Thinking is harder than you think.
If you’ve ever spent a day stretching your mind and running new thoughts, then you might have a hint as to what I mean. It’s exhausting in a different way from exercising your body.
But like physical exercise, working beyond your limits is a great way to remove them.
When you grow your mind like this, it takes a lot of energy. Food, water and sleep are (usually) essential. I say usually, because everyone responds differently. I tend to sleep less and eat a lot more after intensive thinking.
It takes a solid chunk of self-care, too. When you’re outside your normal thought patterns, old memories and buried emotions can surface. This is a good sign – a sign of growth. Even so, your mind can have growing pains just as your body does.
But what makes this the case?
Our brains evolved for adaptability. Shouldn’t our minds thrive with new thinking?
Well, they do. But thinking our usual thoughts is always easier than thinking new ones.
You can imagine someone born into a hunter-gatherer tribe. As a child, they had to learn a lot. In fact, they had to learn everything.
The entire world was new to them.
As they grew into adulthood, their models of the world stabilised. Sure, there were always changes. Night is different from day; summer is different from winter. New tribes out there and new members in their own tribe shifted the political balances.
These shifts, though, were within tight parameters. They were tweaks to the world, not reinventions of it.
This is why habits work. Yes, even in today’s world where “change is happening faster than ever before.” Habits save you time and energy by responding in predictable ways.
By the time you’re a teenager, let alone an adult, you have a complex web of habits. It takes focus and willpower to break these routines. Even in your own mind, certain thoughts trigger specific reactions.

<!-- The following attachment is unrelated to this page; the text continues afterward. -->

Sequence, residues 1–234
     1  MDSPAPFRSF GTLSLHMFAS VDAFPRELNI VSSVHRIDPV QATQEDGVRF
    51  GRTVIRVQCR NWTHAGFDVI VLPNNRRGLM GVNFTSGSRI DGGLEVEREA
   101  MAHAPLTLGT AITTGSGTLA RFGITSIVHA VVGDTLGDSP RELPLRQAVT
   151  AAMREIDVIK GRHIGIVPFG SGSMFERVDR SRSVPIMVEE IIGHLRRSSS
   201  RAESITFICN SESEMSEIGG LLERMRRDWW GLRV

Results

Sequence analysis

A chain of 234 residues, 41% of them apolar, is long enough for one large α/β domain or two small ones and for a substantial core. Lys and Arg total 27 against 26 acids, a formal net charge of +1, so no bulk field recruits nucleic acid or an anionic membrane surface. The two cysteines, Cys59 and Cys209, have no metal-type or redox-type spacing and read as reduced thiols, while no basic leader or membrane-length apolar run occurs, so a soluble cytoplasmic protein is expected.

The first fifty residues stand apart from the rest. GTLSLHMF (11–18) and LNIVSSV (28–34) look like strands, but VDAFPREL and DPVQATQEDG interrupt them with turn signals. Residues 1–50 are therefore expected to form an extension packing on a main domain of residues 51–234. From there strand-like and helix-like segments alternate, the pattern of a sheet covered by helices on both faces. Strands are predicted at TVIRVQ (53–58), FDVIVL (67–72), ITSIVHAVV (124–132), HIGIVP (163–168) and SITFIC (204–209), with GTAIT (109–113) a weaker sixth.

Change takes more effort than remaining the same. After all, your brain assumes that most things won’t change. Fish won’t replace birds in the sky and rocks won’t turn into ice cream.
Your habits keep your life stable.
But sometimes that’s not what you want.
Sometimes that’s not what you need.
In that strange state of mind that meditation and hypnosis create – the trance state – your mind is open to new possibilities. Your conscious mind likes to lock things down and keep them stable. It likes following habits, routines and procedures.
Your unconscious mind, though, seeks meaning out of chaos.
It likes to change.
It’s happy to think new thoughts.
Yes, it still takes energy to think these. And it takes even more to decide whether these new thoughts are worth thinking…
But meditation is like switching off your habits. Your mind is free to think in new ways, develop new habits and discard the old ones.
It’s nature’s way of changing your mind.
Meditation clears old habits, allowing you to construct new ones in their place. It’s kind of a two-step process.
Self-hypnosis does it all in one, smooth motion. You delve into your unconscious mind – the part of you that changes first – and swaps out obsolete habits.
It brings conscious control to an unconscious process.
And you can learn everything from trance to transformation:
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